A Bumpy Start to a “Good Transition”

Joseph remembers nearly every detail from his resentencing hearing that was granted after the Miller decision and the days that followed. “The resentencing (itself) was very, very difficult for me,” he explains, “because I had to go through a whole terrible situation that I went through as a kid, and basically plead for my life.” The tone of the hearing shifted immediately, however, when the judge not only reduced Joseph’s original sentence, but also released him on time served.

Back in the courthouse holding cell with his lawyers, Joseph celebrated. But the relief was short-lived. Correctional officers informed him he needed to go back to Stateville Correctional Center to be “processed out,” and it was already too late for that to happen that day. He wasn’t released until late the next night, and there was an additional mix-up with his pre-approved parole plans. Instead of sending him to his sister’s house, IDOC released him to a halfway house on the South Side without notifying his family in advance.

Thus, at 9 PM, the correctional officers kicked him out of Stateville with a $40 regional train ticket and told him that if he didn’t get to the halfway house by 11 PM, he’d be in violation of the conditions of his Mandatory Supervised Release (MSR). “They already had me scared,” Joseph recalls. On the train, he started to panic. “I saw people with their cell phones … I was embarrassed to ask [someone] to use the phone because I didn’t know how to use a cell phone.” When Joseph was arrested in the early 1980s, cordless home phones were all the rage; he had never used a cell phone. One man on the train and, later, two women outside the station helped him call his sister so he could explain what happened, but Joseph was frantic. The two women, “they were like patting me,” he explains. “They said, ‘Calm down, you will be alright.’” Then, finally, his sister arrived. Against all odds, Joseph arrived at the halfway house on time.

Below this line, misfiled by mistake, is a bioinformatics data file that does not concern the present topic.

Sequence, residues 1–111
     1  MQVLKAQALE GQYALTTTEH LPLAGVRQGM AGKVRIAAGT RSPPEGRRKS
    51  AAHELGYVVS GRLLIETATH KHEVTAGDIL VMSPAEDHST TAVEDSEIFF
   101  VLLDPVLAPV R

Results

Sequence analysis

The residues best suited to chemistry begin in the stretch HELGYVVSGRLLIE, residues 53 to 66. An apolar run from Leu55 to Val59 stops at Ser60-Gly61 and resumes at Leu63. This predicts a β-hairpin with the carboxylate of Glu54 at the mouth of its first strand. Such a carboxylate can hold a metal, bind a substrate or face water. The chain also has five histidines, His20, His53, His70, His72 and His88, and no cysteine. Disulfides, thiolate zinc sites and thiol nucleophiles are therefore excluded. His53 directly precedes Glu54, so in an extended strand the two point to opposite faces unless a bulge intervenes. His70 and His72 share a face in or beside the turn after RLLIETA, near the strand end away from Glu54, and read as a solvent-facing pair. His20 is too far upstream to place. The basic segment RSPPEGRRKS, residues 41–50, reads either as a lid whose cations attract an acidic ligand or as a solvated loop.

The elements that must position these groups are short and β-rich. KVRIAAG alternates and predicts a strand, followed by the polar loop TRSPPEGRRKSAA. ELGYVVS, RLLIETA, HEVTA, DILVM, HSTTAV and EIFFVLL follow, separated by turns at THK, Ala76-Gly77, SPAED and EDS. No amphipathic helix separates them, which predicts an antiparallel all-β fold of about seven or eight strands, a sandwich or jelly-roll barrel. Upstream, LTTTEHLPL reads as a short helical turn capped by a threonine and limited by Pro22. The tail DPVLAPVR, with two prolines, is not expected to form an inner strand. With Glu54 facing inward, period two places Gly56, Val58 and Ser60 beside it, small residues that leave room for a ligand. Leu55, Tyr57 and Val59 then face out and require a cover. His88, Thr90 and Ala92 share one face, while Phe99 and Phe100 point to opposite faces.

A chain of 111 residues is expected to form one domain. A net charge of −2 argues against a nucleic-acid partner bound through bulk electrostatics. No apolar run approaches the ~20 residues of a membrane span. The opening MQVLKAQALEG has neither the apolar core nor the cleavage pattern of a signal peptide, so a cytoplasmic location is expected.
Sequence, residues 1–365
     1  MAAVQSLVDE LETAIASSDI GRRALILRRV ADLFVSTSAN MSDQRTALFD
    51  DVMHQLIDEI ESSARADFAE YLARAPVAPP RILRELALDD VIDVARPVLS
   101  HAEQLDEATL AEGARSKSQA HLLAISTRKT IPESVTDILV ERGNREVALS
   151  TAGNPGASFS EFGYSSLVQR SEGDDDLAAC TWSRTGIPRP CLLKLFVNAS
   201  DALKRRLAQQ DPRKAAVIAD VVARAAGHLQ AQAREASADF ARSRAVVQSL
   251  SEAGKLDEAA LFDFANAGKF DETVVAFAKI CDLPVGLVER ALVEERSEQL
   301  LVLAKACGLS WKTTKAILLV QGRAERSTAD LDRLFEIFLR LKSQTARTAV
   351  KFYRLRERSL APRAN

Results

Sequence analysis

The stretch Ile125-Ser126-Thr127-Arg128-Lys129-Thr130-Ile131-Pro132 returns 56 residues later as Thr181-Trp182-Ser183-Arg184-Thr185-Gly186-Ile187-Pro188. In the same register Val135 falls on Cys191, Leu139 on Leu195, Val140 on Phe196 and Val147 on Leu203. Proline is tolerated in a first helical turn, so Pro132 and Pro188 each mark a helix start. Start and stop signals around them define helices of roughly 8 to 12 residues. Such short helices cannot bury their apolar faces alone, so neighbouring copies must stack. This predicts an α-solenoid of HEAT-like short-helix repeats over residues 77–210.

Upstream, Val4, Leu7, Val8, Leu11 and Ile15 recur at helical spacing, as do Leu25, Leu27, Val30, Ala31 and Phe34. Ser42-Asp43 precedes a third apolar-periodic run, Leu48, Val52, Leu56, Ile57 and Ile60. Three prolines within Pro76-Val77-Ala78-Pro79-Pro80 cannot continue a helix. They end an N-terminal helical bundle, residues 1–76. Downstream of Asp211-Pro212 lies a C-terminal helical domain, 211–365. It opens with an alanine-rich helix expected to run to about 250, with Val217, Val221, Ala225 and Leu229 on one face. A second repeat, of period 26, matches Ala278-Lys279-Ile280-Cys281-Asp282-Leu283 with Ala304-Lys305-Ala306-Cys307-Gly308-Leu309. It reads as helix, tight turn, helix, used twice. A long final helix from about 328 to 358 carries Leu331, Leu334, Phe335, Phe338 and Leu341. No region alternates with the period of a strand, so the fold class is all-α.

Despite that unnecessarily stressful ordeal on his first night home, Joseph thinks of his reentry journey as positive overall. “I had a good transition to be honest,” he says, “because I had a good family support system with a good group of friends that actually kept me grounded and kept me focused.” He adds that, “just being able to see my daughter, my grandkids, my sister, all her grandkids … to hold my brother, those are blessings that I have now. And I appreciate them every day.”

After leaving prison, Joseph began as a production line worker and was steadily promoted into a successful career doing machine maintenance. However, the physical labor started to catch up with him. In early 2023, he felt like he had no other option but to quit. “Working in the freezers wound up giving me arthritis in my knees where it’s hard to walk sometimes,” he explains. “Plus, I was on the third shift all the time. And I really had no life.” Thankfully, he was able to find a new job a couple of months later at an electrical equipment manufacturing company doing testing.

Joseph knows his lived experience is a powerful tool. He sees the ways in which he has changed and grown over time, and how he has learned how to better manage his emotions. “I don’t put myself in the situation where I know my rage is gonna come out again,” he explains. And he wants to share this insight. He says he would like to see more “opportunities where people like myself and other people that were incarcerated could go give their testimonies … share that with people who are going through similar circumstances as we did as kids.” He believes that this might be one of the best interventions; an opportunity to wake young people up and say, “‘Listen, this is your path unless you decide different (sic). Right now’s the time to decide different.’” Joseph adds, “changing somebody’s life, that would be a positive.”